Comic books published in in the years following WWII are a fascinating and under-scrutinized treasure trove of political and cultural commentary: they aren't considered sufficiently high-brow to warrant serious academic inquiry, but almost certainly did far more to shape the hearts and minds of a generation than any dusty political tome ever could.
One particularly curious sub-genre is "citizens' propaganda". It survives to this day in its vestigial form in the form of religious tracts, but back in its heyday, private citizens and organizations frequently commissioned comics to further all kinds of political goals, sometimes to hand out copies for free. Various 1950s anti-communist pamphlets might the best-known examples, but in my quest to unearth such gems, I accidentally stumbled upon something different:
At first blush, it seemed like your usual WWII action comic, but... hold up...
As it turns out, this book - published by the National Association of Manufacturers in 1951 - deals with fiscal and monetary policy, not war. Because I am somewhat fascinated by the history of money, this piqued my interest - so I set out to procure one of a handful of surviving copies and preserve it for others to read in the privacy of their homes (for the record, the title had maybe half a dozen Google hits before I posted this).
The book begins with soldiers apparently recovering in a field hospital, one of them waking up from a nightmare about what's going on back home. The setting is used for an improbable stroll through the history of failed fiscal policies, from ancient Rome to the Weimar Republic:
The book is, in essence, a warning against hyperinflation, although some of its prescriptions wouldn't sit well with fiscal conservatives of today. Interestingly, it was published at a time when the US was still one of the countries maintaining some pretense of a representative currency tied to gold (it wasn't until 1971, under Richard Nixon, when the dollar became a true fiat currency). The demand made in the last bullet item - to return to "convertible" money - is almost certainly a reference to Franklin D. Roosevelt's Executive Order 6102 of 1933, which forced citizens to turn in privately-owned gold in exchange for dollars at a discounted rate. It wasn't until the switch to fiat money that the prohibition on private gold was fully repealed; between 1933 and 1971, the converibility of the dollar was a bit of a sham.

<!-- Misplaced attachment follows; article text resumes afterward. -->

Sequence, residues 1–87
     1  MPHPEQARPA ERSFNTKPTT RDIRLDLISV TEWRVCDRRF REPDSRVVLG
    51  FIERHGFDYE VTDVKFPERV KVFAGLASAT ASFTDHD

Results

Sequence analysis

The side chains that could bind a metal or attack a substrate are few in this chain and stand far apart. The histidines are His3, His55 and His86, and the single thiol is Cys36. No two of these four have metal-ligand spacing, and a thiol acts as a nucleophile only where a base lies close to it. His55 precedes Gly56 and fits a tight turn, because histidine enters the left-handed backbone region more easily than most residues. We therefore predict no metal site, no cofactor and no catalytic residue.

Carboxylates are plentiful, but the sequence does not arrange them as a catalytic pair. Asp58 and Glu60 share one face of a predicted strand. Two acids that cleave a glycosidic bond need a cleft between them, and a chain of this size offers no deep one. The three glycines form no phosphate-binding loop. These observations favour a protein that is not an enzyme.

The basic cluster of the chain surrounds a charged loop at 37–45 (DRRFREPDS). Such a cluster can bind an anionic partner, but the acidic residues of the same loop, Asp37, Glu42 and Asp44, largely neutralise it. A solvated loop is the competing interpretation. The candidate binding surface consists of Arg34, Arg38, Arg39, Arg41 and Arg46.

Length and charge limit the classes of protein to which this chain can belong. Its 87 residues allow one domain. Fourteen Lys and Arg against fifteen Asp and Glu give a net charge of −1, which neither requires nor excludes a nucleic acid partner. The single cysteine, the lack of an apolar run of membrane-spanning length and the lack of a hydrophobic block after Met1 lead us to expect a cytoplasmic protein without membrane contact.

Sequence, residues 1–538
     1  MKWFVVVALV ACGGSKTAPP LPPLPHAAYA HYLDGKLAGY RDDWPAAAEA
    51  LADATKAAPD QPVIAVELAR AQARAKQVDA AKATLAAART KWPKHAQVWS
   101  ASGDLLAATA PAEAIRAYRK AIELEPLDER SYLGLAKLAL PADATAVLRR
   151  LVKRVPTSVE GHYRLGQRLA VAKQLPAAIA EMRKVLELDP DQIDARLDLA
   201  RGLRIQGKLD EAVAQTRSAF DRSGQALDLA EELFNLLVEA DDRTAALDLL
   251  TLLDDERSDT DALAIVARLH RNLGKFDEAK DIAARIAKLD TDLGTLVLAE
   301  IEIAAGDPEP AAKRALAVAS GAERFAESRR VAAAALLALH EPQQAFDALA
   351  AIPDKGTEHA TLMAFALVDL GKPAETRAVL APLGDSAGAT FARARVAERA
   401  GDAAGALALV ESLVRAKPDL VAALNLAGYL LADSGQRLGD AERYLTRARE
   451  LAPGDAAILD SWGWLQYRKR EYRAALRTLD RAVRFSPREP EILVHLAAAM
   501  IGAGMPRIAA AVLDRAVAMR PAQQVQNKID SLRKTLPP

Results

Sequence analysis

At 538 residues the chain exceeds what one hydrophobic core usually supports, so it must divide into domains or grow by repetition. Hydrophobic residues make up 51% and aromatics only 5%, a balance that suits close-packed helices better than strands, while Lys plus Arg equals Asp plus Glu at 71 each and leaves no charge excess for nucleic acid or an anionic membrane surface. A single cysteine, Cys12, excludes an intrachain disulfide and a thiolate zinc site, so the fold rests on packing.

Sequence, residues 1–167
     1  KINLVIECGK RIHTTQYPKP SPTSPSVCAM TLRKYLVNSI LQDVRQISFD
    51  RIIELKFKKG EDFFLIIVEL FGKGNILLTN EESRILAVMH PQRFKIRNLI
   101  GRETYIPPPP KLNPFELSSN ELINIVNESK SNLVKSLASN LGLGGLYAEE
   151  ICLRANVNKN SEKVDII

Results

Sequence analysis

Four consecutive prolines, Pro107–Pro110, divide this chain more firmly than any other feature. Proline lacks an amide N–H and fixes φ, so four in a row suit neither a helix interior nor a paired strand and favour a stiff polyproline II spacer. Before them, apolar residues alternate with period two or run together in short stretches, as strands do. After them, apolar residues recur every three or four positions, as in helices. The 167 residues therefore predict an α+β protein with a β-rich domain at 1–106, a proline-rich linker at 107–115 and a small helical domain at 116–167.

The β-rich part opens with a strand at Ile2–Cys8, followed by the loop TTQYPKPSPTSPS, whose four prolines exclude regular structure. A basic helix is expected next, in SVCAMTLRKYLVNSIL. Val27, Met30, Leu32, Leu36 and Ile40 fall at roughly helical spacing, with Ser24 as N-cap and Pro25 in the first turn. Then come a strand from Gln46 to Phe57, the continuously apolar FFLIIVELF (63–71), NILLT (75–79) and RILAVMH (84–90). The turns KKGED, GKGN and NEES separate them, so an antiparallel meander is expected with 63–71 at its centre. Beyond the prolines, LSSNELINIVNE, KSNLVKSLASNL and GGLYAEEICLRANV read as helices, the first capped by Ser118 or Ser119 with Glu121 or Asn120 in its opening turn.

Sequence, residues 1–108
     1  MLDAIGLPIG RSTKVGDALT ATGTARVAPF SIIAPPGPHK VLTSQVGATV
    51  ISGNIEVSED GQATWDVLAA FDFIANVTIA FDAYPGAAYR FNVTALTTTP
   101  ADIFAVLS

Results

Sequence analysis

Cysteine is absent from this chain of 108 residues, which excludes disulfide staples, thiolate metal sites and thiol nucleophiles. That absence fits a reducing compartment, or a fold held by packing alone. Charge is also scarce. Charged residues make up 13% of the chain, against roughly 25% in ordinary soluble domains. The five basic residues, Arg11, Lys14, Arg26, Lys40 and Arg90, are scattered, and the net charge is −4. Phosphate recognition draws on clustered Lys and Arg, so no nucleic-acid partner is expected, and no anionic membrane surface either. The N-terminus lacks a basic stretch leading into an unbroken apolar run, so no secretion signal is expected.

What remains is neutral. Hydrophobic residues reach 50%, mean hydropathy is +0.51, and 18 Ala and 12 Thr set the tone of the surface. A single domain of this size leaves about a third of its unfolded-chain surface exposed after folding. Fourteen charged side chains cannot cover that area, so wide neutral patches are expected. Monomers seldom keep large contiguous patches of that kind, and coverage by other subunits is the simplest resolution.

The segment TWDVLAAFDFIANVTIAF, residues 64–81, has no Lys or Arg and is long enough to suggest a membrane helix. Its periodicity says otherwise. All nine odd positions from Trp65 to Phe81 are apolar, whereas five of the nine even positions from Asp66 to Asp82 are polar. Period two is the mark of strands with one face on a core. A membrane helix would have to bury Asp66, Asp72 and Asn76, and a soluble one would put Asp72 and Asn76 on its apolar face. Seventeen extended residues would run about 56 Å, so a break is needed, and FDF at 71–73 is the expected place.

So, why did the National Association of Manufacturers feel the need to spend their own money to produce and distribute this book? There might be a self-serving explanation, but if so, it's not apparent to me: two of the talking points on the back cover - a call for higher worker efficiency and for deregulation - could obviously benefit the industry. But many others - such as increasing taxes, ending subsidies, tightening credit, and curtailing government spending - clearly did not. Perhaps their worries were sincere: they believed that without decisive action, the scenario in the comic book would eventually come to pass.
(PS. The pamphlet was also released a bit later under a more descriptive title, Inflation is Your Fight!. In both editions, the illustations are the work of Dan Barry of Flash Gordon fame.)
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